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Sr Margaret

It’s strange how memory works. I’ve got a distinct memory of an anecdote, but realised the person I thought had told me, couldn’t have done. Which makes me realise I may have miss-remembered it - just to warn you. However, it is very relevant, so here is my memory of someone else’s memory! Margaret first visited All Hallows’ with a friend who was interested in joining the Community; the person who told me was staying at the same time. Later she met one of the Sisters, and asked if the friend had joined? No, the answer was given, but Margaret had.

Sr Margaret was a Novice in the 1960s, and I think was present for the visit of the Archbishop of Canterbury for the centenary of the school. We have a photo of him with the Community, and I’m fairly sure Margaret is on there; as is fellow Novice Sr Jean Margaret, who was called out of her Profession retreat to be there! Sr Margaret’s profession date was chosen because that was when the Bishop could come - but it fell in Lent. M. Mary remarked afterwards that we would never again have a profession in Lent - and we never have. Thankfully, the timing meant that her anniversary did sometimes fall before Lent began.

I’ve picked up more of what some Sisters did than others, so I’m not entirely sure where Margaret worked at this stage. I do know that she went to our hospital at some point; it must have been out of this experience that it was decided she should train as a nurse. Quite an unusual decision; most Sisters who had professional training of some sort trained before they joined us. Nevertheless, Sr Margaret went to Norwich, where I believe she lived with the Sisters there and trained at the Norfolk and Norwich Hospital. I can see that she would have been a good nurse, but I don’t know how long she was able to practice before problems with her back forced her to stop. By the time I joined the Community in the late 1990s, these back issues had made her quite infirm, and she was limited as to what she could do physically. Chairs were bought that she could sit in comfortably, so she was able to join us for the main meal, and in the Sisters room, where she would keep us updated on news items, as well as the latest from her family - and, depending on the time of year, with the athletics or Strictly Come Dancing. She was loyal to the Divine Office, and as she usually had holiday at the Convent, would willingly join us for Evening Prayer while on holiday, if we were going to be short. She had a lovely voice, although lacked confidence in singing. When I was a novice, she would often join us for choir practice, which was helpful for both us and her. She was one of our regular cantrixes, and would join with Sr Elizabeth in singing over Holy Week. She also read well, and was the regular reader of one of the readings on Holy Saturday, which I can still hear as she read it.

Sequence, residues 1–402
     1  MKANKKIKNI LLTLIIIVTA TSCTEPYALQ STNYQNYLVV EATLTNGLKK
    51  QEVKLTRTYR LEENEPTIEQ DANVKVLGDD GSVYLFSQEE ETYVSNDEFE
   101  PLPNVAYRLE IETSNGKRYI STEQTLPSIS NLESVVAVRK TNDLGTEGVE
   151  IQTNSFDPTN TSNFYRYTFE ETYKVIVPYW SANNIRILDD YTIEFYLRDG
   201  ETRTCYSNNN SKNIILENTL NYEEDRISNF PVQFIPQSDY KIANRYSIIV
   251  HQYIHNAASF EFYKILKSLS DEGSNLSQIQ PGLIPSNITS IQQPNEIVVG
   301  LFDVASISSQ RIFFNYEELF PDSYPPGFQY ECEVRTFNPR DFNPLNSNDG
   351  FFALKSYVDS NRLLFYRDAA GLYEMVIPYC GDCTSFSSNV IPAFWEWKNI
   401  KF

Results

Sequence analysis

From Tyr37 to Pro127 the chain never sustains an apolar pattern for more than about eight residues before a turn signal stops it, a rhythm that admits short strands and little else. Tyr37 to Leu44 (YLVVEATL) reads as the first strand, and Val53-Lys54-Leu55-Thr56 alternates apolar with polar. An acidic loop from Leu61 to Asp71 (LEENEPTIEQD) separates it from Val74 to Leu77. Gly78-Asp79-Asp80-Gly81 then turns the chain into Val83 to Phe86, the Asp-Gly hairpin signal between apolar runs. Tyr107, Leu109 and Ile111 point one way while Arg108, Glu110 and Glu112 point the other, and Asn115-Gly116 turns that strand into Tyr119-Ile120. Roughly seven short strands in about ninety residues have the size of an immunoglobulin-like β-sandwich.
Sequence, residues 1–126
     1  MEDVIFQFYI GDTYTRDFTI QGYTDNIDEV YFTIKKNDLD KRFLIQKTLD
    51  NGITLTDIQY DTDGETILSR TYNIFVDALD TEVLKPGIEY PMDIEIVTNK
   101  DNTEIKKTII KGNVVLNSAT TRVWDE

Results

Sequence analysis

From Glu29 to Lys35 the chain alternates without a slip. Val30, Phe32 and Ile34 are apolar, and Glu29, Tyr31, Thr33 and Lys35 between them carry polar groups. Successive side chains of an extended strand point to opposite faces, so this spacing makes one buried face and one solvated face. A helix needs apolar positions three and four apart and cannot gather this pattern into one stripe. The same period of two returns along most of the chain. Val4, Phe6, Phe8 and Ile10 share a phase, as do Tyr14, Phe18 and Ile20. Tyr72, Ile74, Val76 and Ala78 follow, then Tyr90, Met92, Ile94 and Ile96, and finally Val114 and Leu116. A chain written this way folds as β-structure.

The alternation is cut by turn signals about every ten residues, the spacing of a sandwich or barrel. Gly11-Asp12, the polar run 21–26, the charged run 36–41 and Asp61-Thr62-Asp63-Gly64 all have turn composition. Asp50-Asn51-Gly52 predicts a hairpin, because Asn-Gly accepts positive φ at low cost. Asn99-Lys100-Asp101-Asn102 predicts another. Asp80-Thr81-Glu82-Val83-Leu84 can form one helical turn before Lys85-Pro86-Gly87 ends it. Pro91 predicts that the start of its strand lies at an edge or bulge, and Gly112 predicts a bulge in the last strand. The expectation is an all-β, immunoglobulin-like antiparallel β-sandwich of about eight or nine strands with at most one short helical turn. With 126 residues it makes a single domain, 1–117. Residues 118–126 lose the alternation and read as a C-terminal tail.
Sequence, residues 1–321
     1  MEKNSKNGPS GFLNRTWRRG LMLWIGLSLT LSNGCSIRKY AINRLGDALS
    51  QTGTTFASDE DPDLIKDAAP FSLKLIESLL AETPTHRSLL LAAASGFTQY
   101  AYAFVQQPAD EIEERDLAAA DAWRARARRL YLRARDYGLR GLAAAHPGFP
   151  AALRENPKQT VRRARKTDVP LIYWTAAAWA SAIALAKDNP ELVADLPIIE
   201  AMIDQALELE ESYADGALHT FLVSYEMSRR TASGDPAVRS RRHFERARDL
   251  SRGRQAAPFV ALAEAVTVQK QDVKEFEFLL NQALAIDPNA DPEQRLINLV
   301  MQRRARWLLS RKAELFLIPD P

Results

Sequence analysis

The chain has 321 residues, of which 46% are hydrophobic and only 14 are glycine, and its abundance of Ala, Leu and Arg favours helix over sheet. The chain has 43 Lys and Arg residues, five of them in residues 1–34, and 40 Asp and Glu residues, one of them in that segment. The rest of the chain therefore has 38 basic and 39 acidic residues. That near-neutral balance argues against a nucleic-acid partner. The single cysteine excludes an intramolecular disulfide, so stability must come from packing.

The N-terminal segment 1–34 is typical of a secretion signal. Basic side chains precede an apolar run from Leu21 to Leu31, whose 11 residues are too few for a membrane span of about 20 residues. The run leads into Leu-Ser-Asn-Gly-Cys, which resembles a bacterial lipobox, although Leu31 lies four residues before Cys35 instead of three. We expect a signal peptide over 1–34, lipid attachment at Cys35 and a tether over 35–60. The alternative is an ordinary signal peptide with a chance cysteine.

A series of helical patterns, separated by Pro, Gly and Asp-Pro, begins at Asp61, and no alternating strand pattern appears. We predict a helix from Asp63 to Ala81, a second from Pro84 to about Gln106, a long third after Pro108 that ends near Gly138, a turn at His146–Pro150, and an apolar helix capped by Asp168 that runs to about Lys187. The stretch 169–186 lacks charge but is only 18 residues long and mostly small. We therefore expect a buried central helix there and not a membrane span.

It is probably true to say that her ministry at this time was largely hidden. She would produce the guides the visitors used at services, and would always willingly proof read anything if asked. She became Associates Sister, and regularly sent cards, and stayed in touch with some. She was also a member of the smaller group we had to discuss our Rule and Customary, which would often meet in her room, where our ginger cat, Vincent, would also often be found - he’d chosen Margaret as his favourite Sister. But beyond all that, I think her contribution was much wider; in those Sisters who would seek her out to talk to; in her quiet presence in the Convent and in Chapel; and in her prayer. One of our Oblates once asked us to pray for someone she knew; as time went on, it was Sr Margaret she kept updated, because it was Sr Margaret who was faithful to that prayer over many months and possibly years.

When we dispersed, she moved to Holmewood Residential Home in Bungay, where she settled well, and when I visited her in the summers before the pandemic, I would often find her sitting outside in the garden. She joined in trips, and would sometimes sit with another resident who was dying. So when she went to the Norfolk and Norwich Hospital, and I had the message that she wasn’t expected to last, I knew that spending some time with her was my priority. It felt somehow appropriate that, if she had to die in hospital, it was in the same hospital that she had trained in (even if it had moved sites in the meantime).

Later in the week after she died, I was reading through the Community Diary, where the deaths of Sisters are always mentioned. It struck me that they never used the word ‘died’. Neither did they use any of the euphemisms common today. A Sister had ‘entered her rest’ or ‘moved into the fullness of life’. And so with Sr Margaret: after many years of suffering, she is at rest, and has entered into the fullness of life with her Lord.

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